I am pretty introverted so this social isolation, while I don’t like it, is probably easier for me than for many other people. However not being able to go to my gym to exercise…yikes…I’ve already started gaining weight. I have a treadmill in the basement and some hand weights, but I don’t find those very appealing. Today I noticed the internet was very very slow, I assume because of all the people at home. After hearing that Trump, the other day, removed most of what teeth were left in regulations, I decided to buy a whole house water filter. I tried to read about them online today and the internet is so slow that I basically cannot get anything done at all. I’m healthy and am extremely grateful for that. But not being able to read about water filters is frustrating. I think it’s prudent to assume that quality of the water that we drink is likely to worsen

    1. I also do really miss the routine of the gym — did 40 minutes on my bike/trainer on the balcony yesterday, which felt good — but FED UP with so many cold and rainy days, which make that impossible.

      Life under this interminable and incompetent President is not improving for anyone but the billionaires.

  5. sounds like you’re making the best of it, and passing the time in calming ways. i have to say that your mayor, cuomo, has risen to the occasion and above. i am impressed by him more each day. i feel this will be a life-defining event for everyone old enough to understand and will impact our lives in ways we have yet to imagine. as for my time, i begin teaching remotely this week, i go on twice a day remote walks in my parks, read, write, send cards, finish projects. i like the slower pace but not the reasons for it, and worry about finances for everyone.

    1. Jan Jasper

      I found a new way to exercise today that was surprisingly enjoyable and even tiring in a good way. I have been forcing myself to use the treadmill in my basement – talk about a grim environment – and use my hand weights also. Well today I took a long walk, I put on my running shoes ( I don’t run because I don’t think it’s good for the joints) but I walked as fast as I could and I carried my hand weights and I pumped my arms like crazy. After about a mile of this, I was slightly winded,, and I felt like I’d had a decent workout. While the weather was extremely dreary, I got out, got to look at flowers coming up and the colors that people have painted their houses, etc. This is something I could do every day!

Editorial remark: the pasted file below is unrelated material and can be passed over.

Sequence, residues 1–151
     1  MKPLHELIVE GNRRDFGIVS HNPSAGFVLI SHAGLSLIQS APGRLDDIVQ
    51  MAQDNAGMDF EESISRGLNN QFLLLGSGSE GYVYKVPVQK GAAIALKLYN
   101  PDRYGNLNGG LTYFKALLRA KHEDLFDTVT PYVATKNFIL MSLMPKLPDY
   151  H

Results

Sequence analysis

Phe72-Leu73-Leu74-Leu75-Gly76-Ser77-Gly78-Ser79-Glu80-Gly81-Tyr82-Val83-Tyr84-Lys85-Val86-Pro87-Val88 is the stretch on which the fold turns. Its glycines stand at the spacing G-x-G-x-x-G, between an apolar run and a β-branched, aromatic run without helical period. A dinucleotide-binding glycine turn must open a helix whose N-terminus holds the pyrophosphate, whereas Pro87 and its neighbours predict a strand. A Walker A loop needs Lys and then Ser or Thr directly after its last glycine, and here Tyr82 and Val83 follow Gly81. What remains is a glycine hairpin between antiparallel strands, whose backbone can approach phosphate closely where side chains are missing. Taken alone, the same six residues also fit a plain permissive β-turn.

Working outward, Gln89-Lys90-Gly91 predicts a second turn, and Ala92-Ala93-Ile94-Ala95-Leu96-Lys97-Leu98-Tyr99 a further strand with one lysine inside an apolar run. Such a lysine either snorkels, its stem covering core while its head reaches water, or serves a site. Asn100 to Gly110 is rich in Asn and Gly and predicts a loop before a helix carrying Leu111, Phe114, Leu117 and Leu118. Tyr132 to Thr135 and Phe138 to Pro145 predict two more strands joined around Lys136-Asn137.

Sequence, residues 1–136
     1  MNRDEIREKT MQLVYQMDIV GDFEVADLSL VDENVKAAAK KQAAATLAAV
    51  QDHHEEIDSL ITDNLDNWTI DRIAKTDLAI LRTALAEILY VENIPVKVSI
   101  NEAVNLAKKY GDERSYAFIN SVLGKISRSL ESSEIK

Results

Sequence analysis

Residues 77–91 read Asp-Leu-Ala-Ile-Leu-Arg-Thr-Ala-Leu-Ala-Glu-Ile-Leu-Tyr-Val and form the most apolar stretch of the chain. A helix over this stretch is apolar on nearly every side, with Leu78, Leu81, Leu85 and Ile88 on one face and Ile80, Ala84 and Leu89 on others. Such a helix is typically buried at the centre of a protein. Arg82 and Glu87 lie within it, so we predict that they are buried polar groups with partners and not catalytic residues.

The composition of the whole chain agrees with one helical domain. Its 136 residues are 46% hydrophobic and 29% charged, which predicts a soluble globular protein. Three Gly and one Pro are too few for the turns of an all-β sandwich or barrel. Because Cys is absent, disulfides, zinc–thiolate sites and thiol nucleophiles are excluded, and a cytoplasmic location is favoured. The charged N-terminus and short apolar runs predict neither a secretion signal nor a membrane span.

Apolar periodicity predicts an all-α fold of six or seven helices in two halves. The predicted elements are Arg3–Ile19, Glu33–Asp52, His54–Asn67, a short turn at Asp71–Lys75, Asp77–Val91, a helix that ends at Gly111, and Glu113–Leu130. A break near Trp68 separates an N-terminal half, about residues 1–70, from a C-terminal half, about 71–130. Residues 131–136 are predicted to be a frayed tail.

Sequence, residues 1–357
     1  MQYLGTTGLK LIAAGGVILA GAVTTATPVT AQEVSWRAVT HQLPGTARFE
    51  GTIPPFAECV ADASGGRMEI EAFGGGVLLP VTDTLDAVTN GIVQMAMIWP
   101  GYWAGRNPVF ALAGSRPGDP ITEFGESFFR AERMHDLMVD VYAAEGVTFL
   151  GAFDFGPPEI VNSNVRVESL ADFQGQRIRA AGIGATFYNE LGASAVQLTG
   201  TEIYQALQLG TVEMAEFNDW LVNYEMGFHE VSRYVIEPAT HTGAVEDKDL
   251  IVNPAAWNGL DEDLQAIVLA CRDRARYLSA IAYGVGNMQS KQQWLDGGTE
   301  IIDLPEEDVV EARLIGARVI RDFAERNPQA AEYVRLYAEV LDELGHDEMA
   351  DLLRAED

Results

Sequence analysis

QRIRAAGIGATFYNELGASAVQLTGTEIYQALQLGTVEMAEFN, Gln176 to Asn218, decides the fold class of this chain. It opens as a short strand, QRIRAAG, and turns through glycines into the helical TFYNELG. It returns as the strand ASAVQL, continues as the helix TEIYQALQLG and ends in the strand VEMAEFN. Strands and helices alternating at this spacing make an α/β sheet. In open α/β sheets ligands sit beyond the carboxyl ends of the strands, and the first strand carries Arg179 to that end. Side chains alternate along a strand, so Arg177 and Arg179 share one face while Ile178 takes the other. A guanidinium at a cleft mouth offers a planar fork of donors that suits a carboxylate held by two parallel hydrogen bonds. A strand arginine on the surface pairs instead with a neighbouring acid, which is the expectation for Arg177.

1. Good!

        Today is yet another cold, dreary day — which is SO demoralizing — but even getting out and hearing the birds and seeing all the flowers really does help.

    2. Best of luck with the online teaching — our next next door apt. neighbor usually teaches special ed in the Bronx, and said the NYC schools system was massively unprepared for this.

      1. It is a huge challenge for those who are not prepared for an equitable education for all. As teachers and administrators, we are all fumbling our way through this processes with varying levels of support, skill, and resources

      2. I bet! I am spoiled — I can work at my own pace and only the end result matters. It must be really hard to have to meet external standards under such weird circumstances.

      3. It is, and I feel fortunate to be part of a private school, with a strong, compassionate , and kind woman at the helm. She understands the stress that chosen and families may be under, and to balance that with any academic rigor we may be used to. She knows that contact with them is the most important part.On my end, in the early childhood division, we will be doing virtual class meetings, short videos of ourselves, asking them to send us pics of them doing things with their families, and suggesting more natural ways to learn, using themes, interests, and whatever is around them.